Contenido de nutrientes en vegetales y frutas y bioaccesibilidad in vitro durante el almacenamiento pos-cosecha
Vegetables and fruits are sources of high-quality nutrients and bioactive compounds for healthy life, but during the storage time, physiological changes modify the content or availability of these. In addition to local conditions of production, post-harvest handling and consumption habits, there are many factors that also change the amount and bioaccessibility of nutrients. In consequence, the objectives of this study were to determine some nutrient contents (β-carotene, glucose), theirs in vitro bioaccessibility and others phytochemicals compounds (Vitamin C, dietary fiber, total polyphenols) in winter squashes (Cucurbita spp.), sweet potatoes (Ipomoea batatas) and native fruits such as butiá (Butia odorata) in the edible portion and during local storage condition. All data were determined for 100 g fresh weight. The β-carotene contents were higher in orange pulps for sweet potato (70 mg), winter squash (21 mg) and low in butiá (0.65 mg). Instead, the in vitro bioaccessibility of β-carotene was between 0.5 to 7%. The total glucose content was higher in sweet potato (10.3 to 18.6 g) than winter squash (1.4 to 3.8 g) and their in vitro bioaccessibility was 0.1 to 7.3%. All vegetables and fruits were sources of Vitamin C (19.6 to 59.5 mg AAE); dietary fiber (2.5 to 3.8 g) and total polyphenols (20.5 to 265.8 mg AGE). The amounts of the compounds were dependent in each species of the interaction between the variety and the storage time. These results demonstrate that the varieties and the time of storage significantly affect the nutritional values in vegetables and fruits analyzed, and provide information to define more adequate diets to local resources.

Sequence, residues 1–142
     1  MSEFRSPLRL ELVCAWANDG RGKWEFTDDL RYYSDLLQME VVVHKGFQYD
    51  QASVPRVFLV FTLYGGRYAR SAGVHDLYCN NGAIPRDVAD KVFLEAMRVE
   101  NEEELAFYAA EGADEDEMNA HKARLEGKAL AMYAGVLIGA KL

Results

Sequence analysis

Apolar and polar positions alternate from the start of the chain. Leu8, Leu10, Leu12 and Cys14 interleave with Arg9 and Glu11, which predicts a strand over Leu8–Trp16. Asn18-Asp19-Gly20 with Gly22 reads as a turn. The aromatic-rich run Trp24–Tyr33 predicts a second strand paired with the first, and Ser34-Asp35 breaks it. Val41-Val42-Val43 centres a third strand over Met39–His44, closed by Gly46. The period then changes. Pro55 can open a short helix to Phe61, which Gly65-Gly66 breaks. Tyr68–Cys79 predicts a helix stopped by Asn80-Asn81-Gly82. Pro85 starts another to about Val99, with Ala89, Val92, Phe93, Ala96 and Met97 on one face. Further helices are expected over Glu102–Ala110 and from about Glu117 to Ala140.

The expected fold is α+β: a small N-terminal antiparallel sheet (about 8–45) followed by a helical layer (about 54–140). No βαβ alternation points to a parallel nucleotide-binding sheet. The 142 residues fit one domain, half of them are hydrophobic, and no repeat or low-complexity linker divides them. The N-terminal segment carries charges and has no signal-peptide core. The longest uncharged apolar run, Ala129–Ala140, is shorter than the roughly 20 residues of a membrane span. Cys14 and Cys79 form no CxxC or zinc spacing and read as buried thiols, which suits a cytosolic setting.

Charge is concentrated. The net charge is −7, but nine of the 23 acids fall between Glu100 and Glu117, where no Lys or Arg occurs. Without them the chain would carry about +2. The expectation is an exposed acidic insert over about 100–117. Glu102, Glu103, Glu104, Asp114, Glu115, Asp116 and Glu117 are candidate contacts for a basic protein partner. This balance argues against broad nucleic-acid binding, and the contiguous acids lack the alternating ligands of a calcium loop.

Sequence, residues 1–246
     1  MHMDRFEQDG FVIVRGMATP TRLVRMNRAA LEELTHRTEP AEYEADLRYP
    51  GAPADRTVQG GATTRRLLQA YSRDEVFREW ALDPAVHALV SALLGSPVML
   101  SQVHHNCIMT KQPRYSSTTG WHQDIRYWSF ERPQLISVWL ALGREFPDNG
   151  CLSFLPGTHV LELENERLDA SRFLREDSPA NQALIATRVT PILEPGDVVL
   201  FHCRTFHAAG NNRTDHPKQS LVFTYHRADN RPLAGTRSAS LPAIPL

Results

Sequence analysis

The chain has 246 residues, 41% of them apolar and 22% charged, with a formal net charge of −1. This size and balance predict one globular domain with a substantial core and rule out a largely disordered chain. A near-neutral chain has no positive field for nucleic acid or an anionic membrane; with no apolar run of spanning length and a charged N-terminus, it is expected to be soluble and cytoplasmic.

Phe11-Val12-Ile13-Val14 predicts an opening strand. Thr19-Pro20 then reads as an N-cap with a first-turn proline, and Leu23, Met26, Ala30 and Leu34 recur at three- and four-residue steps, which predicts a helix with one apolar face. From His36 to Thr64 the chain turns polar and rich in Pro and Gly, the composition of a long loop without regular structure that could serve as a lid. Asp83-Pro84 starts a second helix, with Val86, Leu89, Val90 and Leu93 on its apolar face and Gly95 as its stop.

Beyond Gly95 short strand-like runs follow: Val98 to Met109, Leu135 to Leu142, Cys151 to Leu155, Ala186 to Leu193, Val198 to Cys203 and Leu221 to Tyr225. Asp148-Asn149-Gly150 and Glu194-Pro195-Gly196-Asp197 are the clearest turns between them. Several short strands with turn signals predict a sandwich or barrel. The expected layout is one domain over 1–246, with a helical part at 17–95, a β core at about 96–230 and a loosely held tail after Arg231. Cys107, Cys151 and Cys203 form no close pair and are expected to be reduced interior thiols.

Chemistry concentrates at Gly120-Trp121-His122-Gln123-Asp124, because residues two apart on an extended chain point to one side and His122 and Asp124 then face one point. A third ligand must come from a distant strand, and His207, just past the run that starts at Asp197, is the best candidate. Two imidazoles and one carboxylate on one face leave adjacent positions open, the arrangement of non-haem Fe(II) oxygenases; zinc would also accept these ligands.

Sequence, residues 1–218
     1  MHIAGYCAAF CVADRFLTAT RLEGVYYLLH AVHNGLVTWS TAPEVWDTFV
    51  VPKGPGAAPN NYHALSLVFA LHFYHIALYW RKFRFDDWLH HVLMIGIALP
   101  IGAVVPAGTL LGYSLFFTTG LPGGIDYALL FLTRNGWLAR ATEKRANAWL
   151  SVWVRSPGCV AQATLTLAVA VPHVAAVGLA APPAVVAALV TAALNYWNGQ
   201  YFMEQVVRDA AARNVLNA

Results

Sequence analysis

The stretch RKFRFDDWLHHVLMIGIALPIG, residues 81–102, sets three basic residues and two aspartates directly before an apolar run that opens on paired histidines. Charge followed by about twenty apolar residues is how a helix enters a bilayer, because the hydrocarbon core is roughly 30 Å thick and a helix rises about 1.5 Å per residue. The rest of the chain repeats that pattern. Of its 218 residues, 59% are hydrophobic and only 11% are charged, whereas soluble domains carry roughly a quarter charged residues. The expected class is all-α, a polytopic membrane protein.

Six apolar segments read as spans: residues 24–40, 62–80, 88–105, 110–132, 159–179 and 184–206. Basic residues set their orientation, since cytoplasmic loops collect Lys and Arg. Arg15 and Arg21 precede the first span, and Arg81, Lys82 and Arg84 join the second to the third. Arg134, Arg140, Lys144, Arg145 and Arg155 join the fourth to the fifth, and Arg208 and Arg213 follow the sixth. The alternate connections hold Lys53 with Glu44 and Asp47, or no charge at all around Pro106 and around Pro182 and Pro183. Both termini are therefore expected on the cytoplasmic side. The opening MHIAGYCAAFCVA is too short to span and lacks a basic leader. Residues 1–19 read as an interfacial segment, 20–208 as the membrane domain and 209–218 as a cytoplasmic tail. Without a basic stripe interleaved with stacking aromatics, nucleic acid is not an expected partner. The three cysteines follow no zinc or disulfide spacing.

Zaccari, F., Cabrera, M.C. and Saadoun, A. (2019). Contenido de nutrientes en vegetales y frutas y bioaccesibilidad in vitro durante el almacenamiento pos-cosecha. Acta Hortic. 1246, 109-114
Ipomoea batatas, Cucurbita spp., butiá, healthy food, postharvest storage, nutrient bioaccessibility